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    Alright, I tried this with those options and I get cannot mount on selected partition. However, the partition it list is (hd2,1) and that is not where it is installed. It is actually installed on (sda,2). I tried to setup that and it says error while parsing.

    I was actually able to get an option to boot to ubuntu kernel and recovery, however it gives me an error 22 and says no such partition I assume it has something to do with what I said above.

    When I installed and got to the bootloader option and hit advanced its option for default was (hd0). I changed that to /dev/sda2 and it installed fine.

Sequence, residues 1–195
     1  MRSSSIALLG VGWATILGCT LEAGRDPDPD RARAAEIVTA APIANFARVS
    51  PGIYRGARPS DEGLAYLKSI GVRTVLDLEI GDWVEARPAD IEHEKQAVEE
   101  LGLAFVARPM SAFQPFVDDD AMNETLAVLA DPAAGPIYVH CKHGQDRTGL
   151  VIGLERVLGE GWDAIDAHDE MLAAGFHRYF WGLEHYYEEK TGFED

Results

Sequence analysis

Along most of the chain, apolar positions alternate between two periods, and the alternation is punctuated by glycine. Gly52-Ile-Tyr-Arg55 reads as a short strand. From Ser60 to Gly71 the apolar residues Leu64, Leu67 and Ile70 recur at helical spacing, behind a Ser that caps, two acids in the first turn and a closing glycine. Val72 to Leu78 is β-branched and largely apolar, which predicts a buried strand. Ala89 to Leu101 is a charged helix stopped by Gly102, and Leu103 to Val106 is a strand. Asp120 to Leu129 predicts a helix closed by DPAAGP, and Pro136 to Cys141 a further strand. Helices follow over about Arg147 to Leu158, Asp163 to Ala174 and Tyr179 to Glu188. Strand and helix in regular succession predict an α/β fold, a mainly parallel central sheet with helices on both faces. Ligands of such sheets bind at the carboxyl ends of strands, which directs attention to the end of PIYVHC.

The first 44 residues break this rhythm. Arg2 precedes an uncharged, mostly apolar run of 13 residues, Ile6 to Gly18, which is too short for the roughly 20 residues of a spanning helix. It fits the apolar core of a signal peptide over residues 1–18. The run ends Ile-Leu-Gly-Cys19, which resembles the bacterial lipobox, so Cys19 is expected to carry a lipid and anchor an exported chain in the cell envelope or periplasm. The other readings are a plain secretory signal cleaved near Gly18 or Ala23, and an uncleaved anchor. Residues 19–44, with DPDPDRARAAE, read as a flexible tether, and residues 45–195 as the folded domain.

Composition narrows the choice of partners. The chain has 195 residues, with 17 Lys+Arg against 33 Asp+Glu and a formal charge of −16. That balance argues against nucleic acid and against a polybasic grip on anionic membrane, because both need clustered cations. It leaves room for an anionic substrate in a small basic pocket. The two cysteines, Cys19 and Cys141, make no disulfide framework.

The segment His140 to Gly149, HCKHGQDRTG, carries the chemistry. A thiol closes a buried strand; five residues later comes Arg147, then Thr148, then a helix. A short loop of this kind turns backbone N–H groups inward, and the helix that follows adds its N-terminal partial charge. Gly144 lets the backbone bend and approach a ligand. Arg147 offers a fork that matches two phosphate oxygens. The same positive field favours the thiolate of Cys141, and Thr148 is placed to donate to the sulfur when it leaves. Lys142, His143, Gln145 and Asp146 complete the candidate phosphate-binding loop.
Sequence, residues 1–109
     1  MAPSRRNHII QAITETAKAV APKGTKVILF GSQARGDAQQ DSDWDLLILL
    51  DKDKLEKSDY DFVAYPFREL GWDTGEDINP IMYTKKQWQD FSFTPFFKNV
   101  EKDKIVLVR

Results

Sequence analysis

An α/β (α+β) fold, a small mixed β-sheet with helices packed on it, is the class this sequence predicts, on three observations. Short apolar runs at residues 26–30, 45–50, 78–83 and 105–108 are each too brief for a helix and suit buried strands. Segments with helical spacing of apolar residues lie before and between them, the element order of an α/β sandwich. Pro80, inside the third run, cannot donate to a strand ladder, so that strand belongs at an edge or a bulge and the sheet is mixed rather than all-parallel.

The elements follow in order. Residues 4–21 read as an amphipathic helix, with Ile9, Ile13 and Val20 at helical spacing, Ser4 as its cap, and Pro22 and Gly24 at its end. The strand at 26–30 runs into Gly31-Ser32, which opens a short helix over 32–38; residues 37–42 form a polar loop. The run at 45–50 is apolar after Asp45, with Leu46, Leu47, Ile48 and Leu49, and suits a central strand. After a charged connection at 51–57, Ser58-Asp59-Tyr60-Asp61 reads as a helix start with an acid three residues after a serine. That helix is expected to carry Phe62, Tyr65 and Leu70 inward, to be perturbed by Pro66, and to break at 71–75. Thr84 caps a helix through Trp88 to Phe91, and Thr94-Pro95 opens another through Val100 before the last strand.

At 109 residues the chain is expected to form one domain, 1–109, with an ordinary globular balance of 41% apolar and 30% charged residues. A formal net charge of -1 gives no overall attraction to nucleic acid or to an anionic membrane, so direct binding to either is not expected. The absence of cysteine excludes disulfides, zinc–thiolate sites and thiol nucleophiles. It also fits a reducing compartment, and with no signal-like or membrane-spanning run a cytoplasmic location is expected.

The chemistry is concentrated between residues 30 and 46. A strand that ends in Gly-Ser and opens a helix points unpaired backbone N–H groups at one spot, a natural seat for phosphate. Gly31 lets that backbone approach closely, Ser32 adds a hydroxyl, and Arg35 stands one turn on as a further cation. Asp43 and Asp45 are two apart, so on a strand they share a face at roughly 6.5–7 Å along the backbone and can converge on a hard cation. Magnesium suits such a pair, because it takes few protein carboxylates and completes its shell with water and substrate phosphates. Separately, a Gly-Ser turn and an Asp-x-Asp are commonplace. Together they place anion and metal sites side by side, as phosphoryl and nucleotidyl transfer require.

20. Rocket_Magnet

    Rocket_Magnet [H]Lite

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    I think you're all making this harder than it needs to be. If you have Vista installed first, just resize your partition using Windows Vista to your desired size. Stick in Ubuntu (I'm assuming you're installing 7.10?) boot off it, and then follow the instructions. Make two partitions when it comes to the partition manager. One must be your Linux swap, I wouldn't make it any less than 1GB. Select from the drop down menu Linux Swap or linux-swap I forget how it's worded. Next create a "/" (root) partition. Select the desired file system (typically Ext3). Have it use all the remaining space, no need in you creating a seperate User partition as you'll most likely hose the install quickly and need to reinstall. Later on when you get more comfortable you can create a User partition and keep all your files. Then continue on, and don't worry about the boot loader it'll take care of itself. It will find ALL your operating systems and give you a symbolic link to boot to each one. Finally, have fun.